World Bulletin / News Desk
A 114-year-old Japanese woman born the same year that radium was discovered was recognised as the world's oldest woman by Guinness World Records on Wednesday.
Misao Ookawa, who was born to a clothing merchant in 1898 and now lives in the western city of Osaka, received a certificate acknowledging her status and said she was pleased.
"Given everything, it's pretty good," she told a gathering at the nursing home where she resides.
Ookawa, who according to Japanese media has never had a major illness in her life, married in 1919 and has three children, four grandchildren and six great-grandchildren.
The award came as an early birthday present. She turns 115 next week on March 5.
Japan has more than 50,000 centenarians, according to government data released last year, reinforcing its reputation for longevity. The world's oldest man is also Japanese - Jiroemon Kimura, aged 115.
Europe's top court ruled on Thursday that obese people can be considered as disabled, meaning that they can be covered by an EU law barring discrimination at work.
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The young man, who hails from the southern city of Khan Younis, was the Gaza Strip's first H1N1 fatality
The text appeased developing countries, including China and India, concerned that previous drafts would impose too heavy a burden on emerging economies
Global environmental umbrella organization designates country as most backward at UN climate conference in Lima.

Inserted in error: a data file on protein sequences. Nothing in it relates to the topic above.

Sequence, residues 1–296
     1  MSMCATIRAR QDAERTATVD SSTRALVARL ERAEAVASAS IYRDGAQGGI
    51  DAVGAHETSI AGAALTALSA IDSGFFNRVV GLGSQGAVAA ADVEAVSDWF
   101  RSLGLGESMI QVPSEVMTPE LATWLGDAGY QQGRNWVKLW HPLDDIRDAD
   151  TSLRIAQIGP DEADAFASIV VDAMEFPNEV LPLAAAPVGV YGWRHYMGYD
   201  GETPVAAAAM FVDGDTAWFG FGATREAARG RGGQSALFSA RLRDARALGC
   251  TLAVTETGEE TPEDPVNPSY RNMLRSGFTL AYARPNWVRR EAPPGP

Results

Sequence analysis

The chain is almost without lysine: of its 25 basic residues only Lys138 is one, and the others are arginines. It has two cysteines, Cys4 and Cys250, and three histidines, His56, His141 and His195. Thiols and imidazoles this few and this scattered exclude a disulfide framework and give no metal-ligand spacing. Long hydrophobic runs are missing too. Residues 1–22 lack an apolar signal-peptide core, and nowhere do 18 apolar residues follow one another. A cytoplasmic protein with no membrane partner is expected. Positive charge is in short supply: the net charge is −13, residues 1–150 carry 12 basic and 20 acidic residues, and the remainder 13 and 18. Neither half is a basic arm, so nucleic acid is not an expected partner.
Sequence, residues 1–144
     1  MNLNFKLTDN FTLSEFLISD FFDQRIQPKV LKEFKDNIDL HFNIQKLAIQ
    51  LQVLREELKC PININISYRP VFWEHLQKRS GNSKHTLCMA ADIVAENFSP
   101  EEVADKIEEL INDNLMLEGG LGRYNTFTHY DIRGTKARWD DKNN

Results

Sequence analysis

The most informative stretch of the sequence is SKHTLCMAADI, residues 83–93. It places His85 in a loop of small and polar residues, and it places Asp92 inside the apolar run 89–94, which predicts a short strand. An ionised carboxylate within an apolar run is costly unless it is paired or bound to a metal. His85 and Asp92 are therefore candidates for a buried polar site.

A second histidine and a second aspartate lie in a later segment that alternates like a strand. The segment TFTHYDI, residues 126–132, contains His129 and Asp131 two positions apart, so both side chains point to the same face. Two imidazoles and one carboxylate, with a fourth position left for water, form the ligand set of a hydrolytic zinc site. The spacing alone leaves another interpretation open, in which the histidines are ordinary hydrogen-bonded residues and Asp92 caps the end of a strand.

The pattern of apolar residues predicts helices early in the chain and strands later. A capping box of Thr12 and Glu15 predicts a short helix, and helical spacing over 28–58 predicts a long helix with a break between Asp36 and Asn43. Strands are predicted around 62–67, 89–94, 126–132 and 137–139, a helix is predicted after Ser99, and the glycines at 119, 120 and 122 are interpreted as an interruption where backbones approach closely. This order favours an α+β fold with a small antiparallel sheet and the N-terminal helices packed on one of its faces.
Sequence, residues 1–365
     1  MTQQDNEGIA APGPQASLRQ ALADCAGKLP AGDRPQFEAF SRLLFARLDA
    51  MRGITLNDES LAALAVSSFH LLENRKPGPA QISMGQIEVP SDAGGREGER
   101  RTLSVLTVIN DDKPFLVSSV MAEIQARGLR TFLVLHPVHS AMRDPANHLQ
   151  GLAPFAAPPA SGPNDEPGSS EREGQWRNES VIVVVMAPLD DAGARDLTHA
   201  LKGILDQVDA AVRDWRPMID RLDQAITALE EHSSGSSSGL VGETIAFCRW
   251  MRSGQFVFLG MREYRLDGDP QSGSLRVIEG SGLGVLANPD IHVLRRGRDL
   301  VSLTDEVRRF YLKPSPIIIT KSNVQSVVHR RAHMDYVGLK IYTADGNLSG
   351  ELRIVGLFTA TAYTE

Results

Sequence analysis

Ship carrying 1,500 tons of food and medical supplies heads to Ebola-hit West Africa who is need of urgent medical supplies.
Peru has more tropical glaciers than any other nation but rising temperatures linked to global warming have helped shrink the ice masses by up to 40 percent
Pesticide poisoning causes inability to breathe, chemical burns, loss of reflexes, twitching, and ultimately death, experts say
The human safety trials, which began in Geneva on Nov. 10, are due to resume on Jan. 5 in up to 15 volunteers after checks to ensure that joint pain symptoms in hands and feet were "benign and temporary"
The Nazca Lines are a set of giant images of plants and animals, such as a monkey, a spider and a hummingbird, excavated in the soil some 1,500 years ago.
Experts have sounded the alarm in recent years over how plastic pollution is killing huge numbers of seabirds, marine mammals and other creatures while sullying ocean ecosystems.
Nine months into the worst Ebola outbreak on record, Ebola is still spreading in Sierra Leone and parts of Guinea.
The death toll from the Ebola outbreak in West Africa has risen to 6,331 in the three worst hit countries, with Sierra Leone overtaking Liberia as the country with the highest number of cases
A total of 140 cases of measles had been reported whilst 6 people have died from the disease according to the Egyptian Health Ministry
The Ethiopian government is in the middle of a biannual spike in malaria as it seeks to control the epidemic.